MR: The experience of publishing a book in Iran is an extremely difficult process. The last 30 years have been (cleansing/censorship) but it has had its highs and lows. I was very beleaguered around my first book. The book was enslaved and held hostage for 8 years before it got to print. But after 1369 (1990) the situation got a little better and I was able to publish my books: Del e Foolad (Heart of Steel), Ahl e Ghargh (The Drowned) and Sangha ye Sheytan (Satan’s Stones). Since we are the mercy of censorship, we cannot follow the usual writing protocol. Often, a writer’s first book takes much longer to get published than their second or third. Censorship, which is a relic from the days of slavery, enslaves writers, painters and filmmakers. It does not allow us to publish our books in an organic way. This is why authors like me have learned to write the book and let it sit at home until it’s due for publication. I only published two books in the 1370’s (1990’s) Koli e Kenar e Atash (Gypsy by Fire) and Siriah Siriah. In the 1380’s (2000’s) which is not over yet, I have two books published; Namhaye Nazly (Nazly) and Zan e Foroodgah e Frankfurt (Woman at the Frankfurt Airport). I also have 3 other books ready for print: Fereshetei Rooye Zamin (Angel on Earth) Shabhayeh Shoor Angiz (Wonderful Nights) and Asheghan e Ahd e Atiq (Ancient Lovers).
I am saddened for myself and my fellow writers who are embattled with a group of narrow minded, self absorbed people with underdeveloped principles, who still think they can create the world in their own image.
LSW: Tell us about the state of literature inside Iran.
MR: It’s been about 9 month since I left Iran but I am well aware of what’s happening there. I know that Vistar Bookstore has been destroyed and Yaaghoob Nad-Ali has been tried and imprisoned. Until the last day I was in Iran and was reading the books that have been printed, I got the feeling that because most writers, think we’re not supposed to be political, they have simply retreated to the kitchen. Only a very few have maintained their integrity. In reality, our literature doesn’t have much stamina against the oppression of being “red lined” with increasing limitations on a daily basis.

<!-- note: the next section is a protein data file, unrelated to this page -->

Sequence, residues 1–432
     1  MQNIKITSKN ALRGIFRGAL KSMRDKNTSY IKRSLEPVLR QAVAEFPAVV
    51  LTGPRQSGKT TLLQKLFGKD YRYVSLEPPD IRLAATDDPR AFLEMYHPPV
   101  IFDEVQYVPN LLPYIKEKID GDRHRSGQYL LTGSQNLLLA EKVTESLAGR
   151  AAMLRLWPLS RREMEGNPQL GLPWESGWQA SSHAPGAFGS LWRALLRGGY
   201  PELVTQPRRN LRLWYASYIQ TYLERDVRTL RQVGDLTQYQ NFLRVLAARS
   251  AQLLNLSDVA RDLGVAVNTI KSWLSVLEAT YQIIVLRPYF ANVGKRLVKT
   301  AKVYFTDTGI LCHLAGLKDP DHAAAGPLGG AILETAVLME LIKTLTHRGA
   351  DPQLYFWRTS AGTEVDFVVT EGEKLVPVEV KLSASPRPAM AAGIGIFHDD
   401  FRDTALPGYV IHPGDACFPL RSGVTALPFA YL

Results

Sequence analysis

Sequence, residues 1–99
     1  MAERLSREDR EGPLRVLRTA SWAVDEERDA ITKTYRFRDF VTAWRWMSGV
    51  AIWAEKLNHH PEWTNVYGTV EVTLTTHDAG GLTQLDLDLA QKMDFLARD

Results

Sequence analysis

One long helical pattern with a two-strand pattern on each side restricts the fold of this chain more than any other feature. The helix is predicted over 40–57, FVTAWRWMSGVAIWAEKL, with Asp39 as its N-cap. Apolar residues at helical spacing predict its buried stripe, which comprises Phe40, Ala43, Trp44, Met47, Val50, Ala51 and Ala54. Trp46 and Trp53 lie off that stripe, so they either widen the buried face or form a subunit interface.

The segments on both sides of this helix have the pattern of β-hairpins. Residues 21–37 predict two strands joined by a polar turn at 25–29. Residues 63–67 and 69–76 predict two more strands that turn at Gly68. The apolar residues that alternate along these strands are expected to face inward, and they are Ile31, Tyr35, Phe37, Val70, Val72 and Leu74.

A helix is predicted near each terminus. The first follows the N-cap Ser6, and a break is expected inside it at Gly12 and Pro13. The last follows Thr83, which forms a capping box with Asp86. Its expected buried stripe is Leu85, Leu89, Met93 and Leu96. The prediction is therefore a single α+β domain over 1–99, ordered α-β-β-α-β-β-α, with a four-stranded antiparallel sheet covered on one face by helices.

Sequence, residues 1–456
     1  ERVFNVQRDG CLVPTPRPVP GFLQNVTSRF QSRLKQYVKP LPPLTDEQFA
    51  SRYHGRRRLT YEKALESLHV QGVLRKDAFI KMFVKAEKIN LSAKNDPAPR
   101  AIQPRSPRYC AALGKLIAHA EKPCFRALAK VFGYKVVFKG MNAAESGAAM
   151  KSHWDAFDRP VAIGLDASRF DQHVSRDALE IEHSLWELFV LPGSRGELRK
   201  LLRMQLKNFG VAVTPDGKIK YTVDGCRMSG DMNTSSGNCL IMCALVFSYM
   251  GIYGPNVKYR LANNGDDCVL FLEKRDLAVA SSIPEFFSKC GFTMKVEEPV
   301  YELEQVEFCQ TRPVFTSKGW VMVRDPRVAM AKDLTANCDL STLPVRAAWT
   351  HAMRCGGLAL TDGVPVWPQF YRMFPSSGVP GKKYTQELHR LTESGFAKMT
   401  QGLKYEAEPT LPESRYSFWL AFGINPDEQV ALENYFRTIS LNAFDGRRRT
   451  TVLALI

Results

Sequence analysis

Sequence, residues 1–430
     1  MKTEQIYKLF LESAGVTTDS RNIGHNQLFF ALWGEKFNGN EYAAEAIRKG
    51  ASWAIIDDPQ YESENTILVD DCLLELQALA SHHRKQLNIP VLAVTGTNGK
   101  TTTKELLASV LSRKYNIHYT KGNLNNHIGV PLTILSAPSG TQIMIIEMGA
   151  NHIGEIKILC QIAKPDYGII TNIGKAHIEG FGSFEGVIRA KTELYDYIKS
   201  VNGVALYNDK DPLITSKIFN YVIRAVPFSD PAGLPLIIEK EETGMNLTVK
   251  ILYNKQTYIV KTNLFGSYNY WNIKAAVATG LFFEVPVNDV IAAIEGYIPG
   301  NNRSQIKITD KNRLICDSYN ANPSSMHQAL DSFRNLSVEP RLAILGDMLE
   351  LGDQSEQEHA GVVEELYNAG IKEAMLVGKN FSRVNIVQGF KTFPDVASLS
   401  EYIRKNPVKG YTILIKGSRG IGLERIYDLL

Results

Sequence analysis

As you know living and writing under the rules of another is not a modern human condition. We would fool ourselves into thinking that censorship is not so bad and it can even promote creativity. This was a mantra that many belabored and consequently endorsed the current condition of Iranian Literature. Like a condemned prisoner we convinced ourselves that someday our sentence would be over and so we turned a blind eye to many of society’s injustices. A free thinking writer does not acquiesce to the mind-numbing laws of oppression. A free thinking writer is against oppression, not a party to it. Of course, I do know writers who write independently, and do not give in to the absurdity of censorship.
LSW: How do you spend your time in the US?
MR: I have an office at The Black Mountain Institute, an affiliate of the University of Nevada which I go to everyday. It is run by Carol Harter who used to be the Dean of the University 10 years ago. This institution is really a sanctuary for writers from all over from Jamaica, to Africa to New York. What’s attractive for me is the tireless work of women like Carol who put so much into bringing color to the cultural face of their home towns. There are women here that put everything they have into the furthering of cultural causes. The University of Nevada and its affiliates only thrive on contributions from individuals. Unlike wealthy women in Iran who see friendship as serving Ghormeh Sabzi and Kabab, wealthy women here place a great deal of importance on preserving the integrity of their societies.
I don’t know when we are going to realize that our language is our nation, and it goes wherever we go in mind, body and soul, and is part of the fabric of our existence.